About Me

I’m Nikolai. Born and raised in wild North Caucasus, I moved to Australia with my family in 1997 and now live in Brisbane.

I started in road cycling when bikes had toe clips and downtube friction shifters, tires were glued onto rims, and frames were built from steel. I rode in wool shorts and cotton jerseys, raced in hairnet helmet and thought a six-speed sprocket cluster was a game changer.

I was fortunate to work with some amazing coaches. One of them, Yuri Elizarov — a true visionary — attempted to revolutionize road cycling training. What you see Team Sky is doing today, he tried to do in 1982 in a different social and political environment.

The Titan project he started involved more than 60 people: riders, coaches, mechanics, masseurs (soigners), drivers, doctors and scientists. Titan was probably the first professional cycling team in the world to own a custom built team bus. The project had ties with military and high ranked government officials for financial and logistics support. Its aim was to design a system for producing world class cyclists capable of winning Olympic and world championship medals.

A few months after I joined Titan, I sat down with Elizarov to discuss my goals for the next season. When I left that meeting, I was convinced he was mad. He told me I had to win, not just “do well”, some key national-level races, qualify for the national team and win a Junior World Championship. He wasn’t talking about my goals in general terms, he was specific and logical. I thought he was mad because, at the time, I have never raced at national level, had no idea what it’s like to race against the best, and didn’t believe I could do what he was talking about anyway. But he did.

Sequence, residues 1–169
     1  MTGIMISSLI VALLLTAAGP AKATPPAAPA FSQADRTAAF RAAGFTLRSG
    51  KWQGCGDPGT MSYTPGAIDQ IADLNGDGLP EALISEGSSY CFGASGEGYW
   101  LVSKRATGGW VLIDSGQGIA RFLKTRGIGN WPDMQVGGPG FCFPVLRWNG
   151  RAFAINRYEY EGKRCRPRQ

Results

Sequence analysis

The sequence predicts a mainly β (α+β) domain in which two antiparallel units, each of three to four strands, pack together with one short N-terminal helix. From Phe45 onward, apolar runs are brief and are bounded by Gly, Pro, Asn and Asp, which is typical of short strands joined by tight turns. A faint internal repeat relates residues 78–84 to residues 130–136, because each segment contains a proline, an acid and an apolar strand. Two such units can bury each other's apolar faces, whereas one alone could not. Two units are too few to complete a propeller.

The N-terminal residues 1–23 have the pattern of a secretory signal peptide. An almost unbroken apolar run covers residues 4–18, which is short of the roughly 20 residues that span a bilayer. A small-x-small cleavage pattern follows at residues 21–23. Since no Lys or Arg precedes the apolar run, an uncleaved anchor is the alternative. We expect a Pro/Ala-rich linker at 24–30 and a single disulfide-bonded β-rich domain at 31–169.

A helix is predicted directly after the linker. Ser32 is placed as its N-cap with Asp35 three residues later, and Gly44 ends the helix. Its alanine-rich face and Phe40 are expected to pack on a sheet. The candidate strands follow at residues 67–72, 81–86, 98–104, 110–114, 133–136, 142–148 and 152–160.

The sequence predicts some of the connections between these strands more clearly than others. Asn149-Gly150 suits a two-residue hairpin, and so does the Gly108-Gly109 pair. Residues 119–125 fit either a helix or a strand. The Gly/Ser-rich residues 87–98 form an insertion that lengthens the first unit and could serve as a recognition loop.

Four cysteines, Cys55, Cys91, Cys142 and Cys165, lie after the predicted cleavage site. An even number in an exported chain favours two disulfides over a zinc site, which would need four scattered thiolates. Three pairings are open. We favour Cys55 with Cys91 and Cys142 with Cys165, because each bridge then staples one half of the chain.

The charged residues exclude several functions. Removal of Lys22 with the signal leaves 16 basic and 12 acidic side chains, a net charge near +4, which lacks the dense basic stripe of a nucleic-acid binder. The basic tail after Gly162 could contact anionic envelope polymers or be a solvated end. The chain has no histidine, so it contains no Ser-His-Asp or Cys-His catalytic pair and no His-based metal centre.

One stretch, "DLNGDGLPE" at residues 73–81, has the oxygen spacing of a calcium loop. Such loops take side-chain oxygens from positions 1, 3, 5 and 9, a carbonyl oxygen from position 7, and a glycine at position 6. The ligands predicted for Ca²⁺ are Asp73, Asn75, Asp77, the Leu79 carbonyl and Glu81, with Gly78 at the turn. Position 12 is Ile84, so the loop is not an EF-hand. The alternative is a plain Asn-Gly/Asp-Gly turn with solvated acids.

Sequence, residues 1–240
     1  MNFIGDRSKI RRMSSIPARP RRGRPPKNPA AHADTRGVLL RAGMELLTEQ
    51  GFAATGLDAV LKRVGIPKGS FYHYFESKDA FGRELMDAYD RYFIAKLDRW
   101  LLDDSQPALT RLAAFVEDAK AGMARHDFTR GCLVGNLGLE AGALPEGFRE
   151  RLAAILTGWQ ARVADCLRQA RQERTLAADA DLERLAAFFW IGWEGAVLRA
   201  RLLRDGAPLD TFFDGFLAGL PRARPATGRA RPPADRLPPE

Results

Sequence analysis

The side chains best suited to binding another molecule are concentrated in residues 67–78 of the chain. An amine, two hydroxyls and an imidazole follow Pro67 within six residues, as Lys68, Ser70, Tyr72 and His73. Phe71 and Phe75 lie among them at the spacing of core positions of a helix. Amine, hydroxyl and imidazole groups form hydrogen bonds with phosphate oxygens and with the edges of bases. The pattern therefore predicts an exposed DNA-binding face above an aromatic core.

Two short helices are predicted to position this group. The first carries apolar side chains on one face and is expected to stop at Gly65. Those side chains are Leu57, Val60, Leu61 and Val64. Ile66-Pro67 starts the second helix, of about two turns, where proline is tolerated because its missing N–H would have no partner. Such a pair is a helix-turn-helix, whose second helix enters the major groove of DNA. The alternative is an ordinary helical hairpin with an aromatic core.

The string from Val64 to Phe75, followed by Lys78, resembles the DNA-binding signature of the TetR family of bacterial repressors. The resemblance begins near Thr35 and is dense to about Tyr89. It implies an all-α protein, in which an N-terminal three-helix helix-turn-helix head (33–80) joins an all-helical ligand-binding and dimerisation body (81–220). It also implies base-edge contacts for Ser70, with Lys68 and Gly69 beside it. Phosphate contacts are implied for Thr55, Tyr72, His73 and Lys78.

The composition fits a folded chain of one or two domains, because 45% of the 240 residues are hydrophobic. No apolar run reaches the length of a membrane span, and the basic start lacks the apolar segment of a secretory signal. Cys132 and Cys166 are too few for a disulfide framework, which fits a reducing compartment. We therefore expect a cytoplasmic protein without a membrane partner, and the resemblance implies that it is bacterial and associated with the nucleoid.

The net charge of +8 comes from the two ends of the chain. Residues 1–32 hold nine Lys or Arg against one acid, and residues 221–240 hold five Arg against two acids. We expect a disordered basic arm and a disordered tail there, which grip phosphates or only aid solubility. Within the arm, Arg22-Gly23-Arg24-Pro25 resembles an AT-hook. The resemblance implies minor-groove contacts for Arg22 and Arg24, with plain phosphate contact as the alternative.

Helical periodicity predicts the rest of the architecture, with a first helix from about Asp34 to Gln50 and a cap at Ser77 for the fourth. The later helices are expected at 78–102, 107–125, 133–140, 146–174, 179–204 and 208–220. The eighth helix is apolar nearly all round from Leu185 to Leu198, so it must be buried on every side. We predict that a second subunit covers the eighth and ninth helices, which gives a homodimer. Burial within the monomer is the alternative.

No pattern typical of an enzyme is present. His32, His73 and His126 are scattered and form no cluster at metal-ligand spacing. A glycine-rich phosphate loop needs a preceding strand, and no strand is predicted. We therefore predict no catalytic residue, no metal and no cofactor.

Nine months later I stood atop of a podium in a rainbow jersey, in disbelief. All because one man had a vision and decided to try it out in real life.

That jersey opened a door for me to the elite national team where I was surrounded by the giants of Soviet road cycling. I was rubbing shoulders with Olympic and world champions, ate dinners at the same table with Peace Race winners and shared rooms with guys I watched on TV. Abdoujaparov was a 20-year-old promising sprinter and Tchmil wasn’t even noticed yet by this team. I realized I was inside of a well constructed, tried and tested champion producing machine.

8 years ago I decided to create a blog about that machine. I think the story of Soviet road cycling is worth sharing and this blog is where I’m going to do it.

A few words of caution though.

I speak from my own experience and do not claim to know everything about road cycling. I talk about what I’ve done, what I’ve seen, what I’ve experienced in more than 35 years of riding and racing bikes on 3 different continents. I hope this experience and knowledge can give you more insight into our sport.

I’m not going to tell you how to get fit, fast and powerful on a 6 hour per week training regime. I think road cycling is a sport that demands considerable time investment if you want to find out what you’re capable of. There are no short cuts. Or at least I don’t think they work on the long run.

I’m a strong believer in “less is more” approach in life as well as in sport. Like most cyclists, I love bling. Those $15,000 bikes look the business but I believe it’s the cyclist who runs the show, not the bike.

I know I have a story to tell. It may not be the most glorious story about winning the greatest races on earth, but I believe it’s a story worth telling. I want to do it the right way without spoiling it by fluffed up advertorials and hard sells. It is what it is and I’ll tell it the way I see it.

Thank you for reading this. Feel free to email me with any questions you might have.